From what I've seen and understood, electric water heating elements are usually copper tubes/pipes with electricity running through them to heat up the surrounding water. I'm not sure if the electricity directly goes through the tubes/pipes though. How do the heating elements make sure electricity only heats up the water and not run through the water, causing unwanted currents through the water instead?


The element is not made of copper (the resistance would way too low). Normally it'd be nichrome (nickel+chromium) and then enclosed.

This is a straight quote from wikipedia

Tubular (sheathed) elements normally comprise a fine coil of nichrome (NiCr) resistance heating alloy wire, that is located in a metallic tube (of stainless steel alloys, such as Incoloy, or copper) and insulated by magnesium oxide powder.




It is used extensively as an electrical insulator in tubular construction heating elements. There are several mesh sizes available and most commonly used ones are 40 and 80 mesh per the American Foundry Society. The extensive use is due to its high dielectric strength and average thermal conductivity. MgO is usually crushed and compacted with minimal airgaps or voids. The electrical heating industry also experimented with aluminium oxide, but it is not used anymore. It is also used as an insulator in heat-resistant electrical cable.

The expansion CTE ought to match or in between the metals used. Cu and NiCr.

please report back with all values.


The conducting element is isolated from the exterior tube by a ceramic powder spacer layer that serves as an insulator. There is no electrical contact between the tube and the element (or at least, there shouldn't be.)

More here: https://en.wikipedia.org/wiki/Heating_element


enter image description here

Figure 1. Heater construction looking from the heater towards the terminal. Source: Omega - Electric tubular heaters.

The magnesium oxide provides electrical insulation while giving reasonably good thermal conduction. The helically coiled wire helps when bending elements and avoids buckling due to thermal expansion.

This low-tech construction method YouTube video may help. Note in the video the annealing of the tube using very high current at low voltage to make it very hot.

anneal /əˈniːl/ verb

gerund or present participle: annealing

1. heat (metal or glass) and allow it to cool slowly, in order to remove internal stresses and toughen it. "copper tubes must be annealed after bending or they will be brittle"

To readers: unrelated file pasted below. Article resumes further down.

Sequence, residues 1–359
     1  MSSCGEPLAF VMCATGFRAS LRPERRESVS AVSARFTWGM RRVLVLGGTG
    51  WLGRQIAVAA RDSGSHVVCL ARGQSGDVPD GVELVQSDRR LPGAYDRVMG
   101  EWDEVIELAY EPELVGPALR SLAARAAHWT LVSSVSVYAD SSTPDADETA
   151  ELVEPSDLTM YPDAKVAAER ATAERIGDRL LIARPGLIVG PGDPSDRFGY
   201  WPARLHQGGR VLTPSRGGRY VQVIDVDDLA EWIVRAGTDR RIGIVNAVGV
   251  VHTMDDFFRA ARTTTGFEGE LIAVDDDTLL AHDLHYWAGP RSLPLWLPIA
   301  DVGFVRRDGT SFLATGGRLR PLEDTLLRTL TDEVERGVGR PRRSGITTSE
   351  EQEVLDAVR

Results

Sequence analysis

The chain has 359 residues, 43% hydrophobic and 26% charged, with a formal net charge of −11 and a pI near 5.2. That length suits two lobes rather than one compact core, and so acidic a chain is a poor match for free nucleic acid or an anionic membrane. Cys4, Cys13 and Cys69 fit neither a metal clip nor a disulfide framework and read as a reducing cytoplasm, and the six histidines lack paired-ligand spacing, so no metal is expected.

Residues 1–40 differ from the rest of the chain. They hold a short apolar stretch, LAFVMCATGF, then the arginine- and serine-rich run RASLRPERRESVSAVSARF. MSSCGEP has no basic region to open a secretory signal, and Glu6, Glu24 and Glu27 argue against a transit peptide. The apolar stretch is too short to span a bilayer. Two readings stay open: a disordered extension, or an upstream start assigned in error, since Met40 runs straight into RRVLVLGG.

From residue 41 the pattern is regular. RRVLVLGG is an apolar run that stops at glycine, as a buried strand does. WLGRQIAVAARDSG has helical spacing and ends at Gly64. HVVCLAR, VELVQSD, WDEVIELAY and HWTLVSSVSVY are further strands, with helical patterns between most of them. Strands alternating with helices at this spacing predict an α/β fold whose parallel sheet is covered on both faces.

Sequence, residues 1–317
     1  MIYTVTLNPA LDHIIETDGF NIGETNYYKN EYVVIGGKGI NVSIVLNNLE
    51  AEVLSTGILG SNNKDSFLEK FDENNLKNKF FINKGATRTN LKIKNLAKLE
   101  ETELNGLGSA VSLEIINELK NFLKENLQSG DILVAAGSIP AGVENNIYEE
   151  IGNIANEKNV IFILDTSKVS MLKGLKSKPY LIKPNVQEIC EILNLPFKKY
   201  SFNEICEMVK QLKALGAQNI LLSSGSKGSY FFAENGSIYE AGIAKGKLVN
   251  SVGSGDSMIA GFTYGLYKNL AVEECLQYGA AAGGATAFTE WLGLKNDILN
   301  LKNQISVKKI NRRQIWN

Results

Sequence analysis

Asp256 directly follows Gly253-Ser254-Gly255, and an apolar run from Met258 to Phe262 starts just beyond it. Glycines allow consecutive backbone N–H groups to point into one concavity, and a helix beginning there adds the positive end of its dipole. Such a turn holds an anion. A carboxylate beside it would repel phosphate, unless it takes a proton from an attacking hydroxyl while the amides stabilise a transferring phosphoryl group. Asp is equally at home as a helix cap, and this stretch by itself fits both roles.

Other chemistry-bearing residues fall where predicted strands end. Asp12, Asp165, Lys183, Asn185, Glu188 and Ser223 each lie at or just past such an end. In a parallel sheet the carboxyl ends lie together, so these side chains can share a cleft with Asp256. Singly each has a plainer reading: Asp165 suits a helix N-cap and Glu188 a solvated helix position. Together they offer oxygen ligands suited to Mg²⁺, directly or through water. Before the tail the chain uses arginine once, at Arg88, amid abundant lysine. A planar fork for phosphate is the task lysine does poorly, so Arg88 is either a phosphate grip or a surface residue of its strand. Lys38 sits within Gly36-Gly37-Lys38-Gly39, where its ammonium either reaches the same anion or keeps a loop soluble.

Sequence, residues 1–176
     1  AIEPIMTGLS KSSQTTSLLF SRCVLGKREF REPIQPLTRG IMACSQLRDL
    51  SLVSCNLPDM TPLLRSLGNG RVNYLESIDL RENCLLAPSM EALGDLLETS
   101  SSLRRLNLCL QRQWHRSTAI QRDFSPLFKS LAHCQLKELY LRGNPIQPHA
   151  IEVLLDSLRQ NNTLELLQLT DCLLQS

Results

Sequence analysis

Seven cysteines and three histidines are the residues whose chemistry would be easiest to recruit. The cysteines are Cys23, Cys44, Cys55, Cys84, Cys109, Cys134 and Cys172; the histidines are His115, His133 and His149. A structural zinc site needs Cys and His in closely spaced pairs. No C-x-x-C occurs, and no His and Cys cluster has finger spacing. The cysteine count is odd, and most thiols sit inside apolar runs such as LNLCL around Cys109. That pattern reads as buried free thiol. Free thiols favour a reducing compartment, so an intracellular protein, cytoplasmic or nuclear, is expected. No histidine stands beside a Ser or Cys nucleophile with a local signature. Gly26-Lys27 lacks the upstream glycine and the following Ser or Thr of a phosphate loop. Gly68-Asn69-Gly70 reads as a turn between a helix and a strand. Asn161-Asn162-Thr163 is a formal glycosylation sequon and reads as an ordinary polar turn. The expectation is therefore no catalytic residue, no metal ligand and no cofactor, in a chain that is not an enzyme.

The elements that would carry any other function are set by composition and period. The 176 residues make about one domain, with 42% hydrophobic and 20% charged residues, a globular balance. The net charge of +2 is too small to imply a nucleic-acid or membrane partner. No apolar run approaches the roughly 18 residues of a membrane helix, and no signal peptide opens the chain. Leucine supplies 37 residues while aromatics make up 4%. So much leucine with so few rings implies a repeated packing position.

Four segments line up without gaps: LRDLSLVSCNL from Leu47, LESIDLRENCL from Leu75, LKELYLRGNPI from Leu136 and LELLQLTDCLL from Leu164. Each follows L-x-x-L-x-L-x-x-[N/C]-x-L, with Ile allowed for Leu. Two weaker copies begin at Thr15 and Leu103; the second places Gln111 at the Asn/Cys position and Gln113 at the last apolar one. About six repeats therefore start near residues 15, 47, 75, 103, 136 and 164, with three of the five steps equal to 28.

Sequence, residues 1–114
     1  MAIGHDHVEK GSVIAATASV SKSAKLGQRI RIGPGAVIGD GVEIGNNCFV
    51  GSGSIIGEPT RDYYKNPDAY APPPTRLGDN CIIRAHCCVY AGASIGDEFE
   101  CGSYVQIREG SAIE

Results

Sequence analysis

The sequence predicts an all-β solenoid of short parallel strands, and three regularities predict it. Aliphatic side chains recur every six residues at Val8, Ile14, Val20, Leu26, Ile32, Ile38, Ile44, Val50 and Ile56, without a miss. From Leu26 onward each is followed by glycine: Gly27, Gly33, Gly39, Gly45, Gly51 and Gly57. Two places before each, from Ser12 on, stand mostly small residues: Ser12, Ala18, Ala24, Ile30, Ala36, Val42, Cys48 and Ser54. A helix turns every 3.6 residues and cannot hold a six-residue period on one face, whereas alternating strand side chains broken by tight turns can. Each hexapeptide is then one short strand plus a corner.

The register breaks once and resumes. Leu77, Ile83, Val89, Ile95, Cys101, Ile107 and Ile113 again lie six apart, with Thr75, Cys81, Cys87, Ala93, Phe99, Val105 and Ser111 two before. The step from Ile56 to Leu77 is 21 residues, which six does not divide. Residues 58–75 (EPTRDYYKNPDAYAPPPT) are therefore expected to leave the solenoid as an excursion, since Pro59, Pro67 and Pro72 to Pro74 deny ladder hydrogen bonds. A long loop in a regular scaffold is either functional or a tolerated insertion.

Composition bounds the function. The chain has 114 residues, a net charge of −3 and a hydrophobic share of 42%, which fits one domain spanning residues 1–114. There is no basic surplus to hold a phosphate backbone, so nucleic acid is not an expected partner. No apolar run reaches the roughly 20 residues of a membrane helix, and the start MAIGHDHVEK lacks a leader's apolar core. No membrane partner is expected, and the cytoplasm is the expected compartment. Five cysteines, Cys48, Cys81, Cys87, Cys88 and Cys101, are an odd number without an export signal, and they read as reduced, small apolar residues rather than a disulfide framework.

More modern heaters like tankless water heaters use unisolated wire heating elements that have direct contact with the water. In other words, the tap water itself is the only isolator. There is no danger since tap water has a high resistance. Advantage is faster heat transfer, less losses and less lime stone coating since the thin heating wire is expanding and contracting with temperature changes. So lime stone coatings are automatically blown off. But they need sophisticated electronics to quickly detect low/no water flow and possible air bubbles, to avoid overheating.

See also https://physics.stackexchange.com/questions/211847/why-dont-get-i-shocked-in-an-electric-shower-if-the-resistance-makes-contact-wi/268356#268356

  • 1
    \$\begingroup\$ I'm not sure this is correct. Mains voltage electricity in contact with tap water does not sound like it would even be legal in the US or Europe at the very least, and it's certainly not safe. Especially if the heating element breaks. \$\endgroup\$
    – Hearth
    Aug 24 '19 at 11:52
  • \$\begingroup\$ You can be very sure this is correct. See de.wikipedia.org/wiki/Durchlauferhitzer Seems to be missing in the english and french wikipedia pages. Citation of the original text in German: "Das Wasser wird bei vielen modernen Geräten mittels eines Blankdrahtheizelements erhitzt, bei dem die Heizdrähte direkt vom Wasser umspült werden. Das Leitungswasser wirkt isolierend gegenüber den leitenden Teilen, ..." \$\endgroup\$
    – xeeka
    Aug 24 '19 at 12:18
  • \$\begingroup\$ It is safe, and those direct inline water heaters are sold and installed since many years all over this planet. But for marketing reasons, the manufacturers are not very much interested to spread the information about using heating wires with direct water contact. The reason can be seen in this very question plus reactions, since even many technicians do not have enough knowledge to judge the (non-) danger. \$\endgroup\$
    – xeeka
    Aug 24 '19 at 12:33
  • \$\begingroup\$ Maybe it's safe while working as intended, but the possible fault conditions seem too dangerous to even consider using. \$\endgroup\$
    – Hearth
    Aug 24 '19 at 14:49
  • 2
    \$\begingroup\$ Be cool, man! All of us get occasional downvotes and they're not necessarily from those who wrote critical comments. Instead expand your answer to explain how electrocution is avoided in, for example, a shower. I had never heard of bare wire water heating until today. \$\endgroup\$
    – Transistor
    Aug 25 '19 at 14:35

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